Words of wisdom straight out of a fortune cookie: “Your greatest asset is not the quantity of your friends, rather the quality of your friends.” This saying may have provided guidance through adolescence but does it hold true for social media?
Well according to Napkin Labs, a Facebook app developer that works with brands and agencies, it certainly does. In a recent study which analyzed the fan engagement of more than 50 brand pages including consumer electronics companies and retailers, Napkin Labs found that on average 6% of fans engage with a brand’s Facebook page through likes, comments, polls and beyond. Additionally, their findings uncovered that the more Facebook fans a brand had, the lower the percentage of engaged fans tended to be.
For many public relations and social media professionals, these findings aren’t shocking, but it can be difficult to change perceptions. After all, reading a headline about a brand reaching 2 million fans is impressive to anyone. It then becomes our job to dive deeper than the surface number and to uncover what that numbers really mean to the brand.
To truly utilize the power of Facebook, Napkin Labs encourages brands to focus on their devoted “superfans.” According to Napkin Labs, each month a “superfan” will like 10 posts, share five pieces of content and comment once. Additionally, the content that these “superfans” post tends to receive more likes and comments than the average fan. So how does a brand capitalize on this opportunity? The answer is simple, but is often not leveraged to its full potential.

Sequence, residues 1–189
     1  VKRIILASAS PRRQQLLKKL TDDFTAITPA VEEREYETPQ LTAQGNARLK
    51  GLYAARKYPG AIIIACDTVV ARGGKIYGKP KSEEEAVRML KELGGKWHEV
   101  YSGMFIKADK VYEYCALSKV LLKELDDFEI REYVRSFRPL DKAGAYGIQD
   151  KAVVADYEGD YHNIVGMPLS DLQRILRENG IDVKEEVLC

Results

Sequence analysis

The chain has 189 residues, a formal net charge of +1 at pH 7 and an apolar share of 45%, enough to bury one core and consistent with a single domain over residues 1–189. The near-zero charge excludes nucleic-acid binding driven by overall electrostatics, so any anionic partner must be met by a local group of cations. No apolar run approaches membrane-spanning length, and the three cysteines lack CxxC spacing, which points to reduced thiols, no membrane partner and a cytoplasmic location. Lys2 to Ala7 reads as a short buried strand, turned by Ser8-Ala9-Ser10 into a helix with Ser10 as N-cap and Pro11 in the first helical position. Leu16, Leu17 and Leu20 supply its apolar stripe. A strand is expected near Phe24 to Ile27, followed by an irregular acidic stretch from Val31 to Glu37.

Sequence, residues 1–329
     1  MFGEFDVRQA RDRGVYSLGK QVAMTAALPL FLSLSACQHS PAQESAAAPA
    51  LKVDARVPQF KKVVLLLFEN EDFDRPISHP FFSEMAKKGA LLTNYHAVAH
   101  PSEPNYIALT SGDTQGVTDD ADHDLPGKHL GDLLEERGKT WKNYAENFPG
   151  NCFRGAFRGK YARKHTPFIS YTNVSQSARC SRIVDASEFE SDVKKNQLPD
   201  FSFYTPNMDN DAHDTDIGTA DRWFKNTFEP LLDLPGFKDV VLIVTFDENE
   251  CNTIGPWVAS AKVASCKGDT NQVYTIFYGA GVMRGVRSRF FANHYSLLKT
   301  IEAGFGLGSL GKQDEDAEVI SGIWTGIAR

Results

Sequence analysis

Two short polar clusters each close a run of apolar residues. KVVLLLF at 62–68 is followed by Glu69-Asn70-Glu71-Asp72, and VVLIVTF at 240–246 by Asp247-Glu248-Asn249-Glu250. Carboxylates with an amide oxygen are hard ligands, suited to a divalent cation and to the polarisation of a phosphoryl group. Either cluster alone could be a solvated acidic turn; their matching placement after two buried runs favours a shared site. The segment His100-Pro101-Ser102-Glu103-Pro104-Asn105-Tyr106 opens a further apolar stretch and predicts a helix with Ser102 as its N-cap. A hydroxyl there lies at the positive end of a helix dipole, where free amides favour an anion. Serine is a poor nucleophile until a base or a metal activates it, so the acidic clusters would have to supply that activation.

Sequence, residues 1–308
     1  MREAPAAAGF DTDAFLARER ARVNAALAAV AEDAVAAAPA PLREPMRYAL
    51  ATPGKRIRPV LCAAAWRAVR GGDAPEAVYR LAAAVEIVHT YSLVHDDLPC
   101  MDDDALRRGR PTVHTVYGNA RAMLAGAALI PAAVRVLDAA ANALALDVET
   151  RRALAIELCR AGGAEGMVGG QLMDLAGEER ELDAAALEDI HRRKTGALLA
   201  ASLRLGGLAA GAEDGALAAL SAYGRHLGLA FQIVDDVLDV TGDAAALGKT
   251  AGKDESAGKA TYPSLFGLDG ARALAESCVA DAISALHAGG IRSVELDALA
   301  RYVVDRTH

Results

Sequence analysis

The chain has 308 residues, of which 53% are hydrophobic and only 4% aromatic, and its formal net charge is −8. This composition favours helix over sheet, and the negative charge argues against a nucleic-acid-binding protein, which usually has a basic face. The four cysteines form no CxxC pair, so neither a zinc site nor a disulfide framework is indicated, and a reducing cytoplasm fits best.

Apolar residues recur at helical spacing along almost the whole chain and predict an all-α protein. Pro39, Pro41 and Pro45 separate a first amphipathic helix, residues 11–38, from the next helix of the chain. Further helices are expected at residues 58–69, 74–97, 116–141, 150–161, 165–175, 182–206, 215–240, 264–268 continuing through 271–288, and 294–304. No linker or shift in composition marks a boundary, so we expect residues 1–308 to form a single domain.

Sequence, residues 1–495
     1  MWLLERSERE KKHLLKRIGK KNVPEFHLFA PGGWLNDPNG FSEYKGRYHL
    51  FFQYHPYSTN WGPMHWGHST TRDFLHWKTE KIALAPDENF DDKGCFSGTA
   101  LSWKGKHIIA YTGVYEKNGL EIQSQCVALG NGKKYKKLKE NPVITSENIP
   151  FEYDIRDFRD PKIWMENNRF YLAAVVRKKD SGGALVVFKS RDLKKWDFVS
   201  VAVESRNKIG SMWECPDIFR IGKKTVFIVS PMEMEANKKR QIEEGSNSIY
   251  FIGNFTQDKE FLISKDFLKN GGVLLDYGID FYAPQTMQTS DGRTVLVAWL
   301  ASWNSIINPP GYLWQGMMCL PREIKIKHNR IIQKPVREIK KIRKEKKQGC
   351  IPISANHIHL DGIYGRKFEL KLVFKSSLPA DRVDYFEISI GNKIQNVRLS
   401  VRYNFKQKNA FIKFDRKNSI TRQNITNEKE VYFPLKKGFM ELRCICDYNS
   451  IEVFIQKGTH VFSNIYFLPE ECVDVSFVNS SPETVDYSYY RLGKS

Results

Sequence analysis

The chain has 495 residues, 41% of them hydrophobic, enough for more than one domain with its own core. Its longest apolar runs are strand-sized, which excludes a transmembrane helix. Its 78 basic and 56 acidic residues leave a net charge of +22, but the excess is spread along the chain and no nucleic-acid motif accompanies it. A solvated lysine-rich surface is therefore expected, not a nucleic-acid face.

By providing these adorers with exclusive content, special premiums and fun experiences, there is an opportunity to create a force of passionate fans that are driving awareness of the brand organically and reaching more consumers as the content is shared on their newsfeeds. For most brands, these “superfans” are already there and are just waiting to be tapped into. Remember, in life and social media, quality friends are assets, and it’s up to each brand to amplify these strong relationships.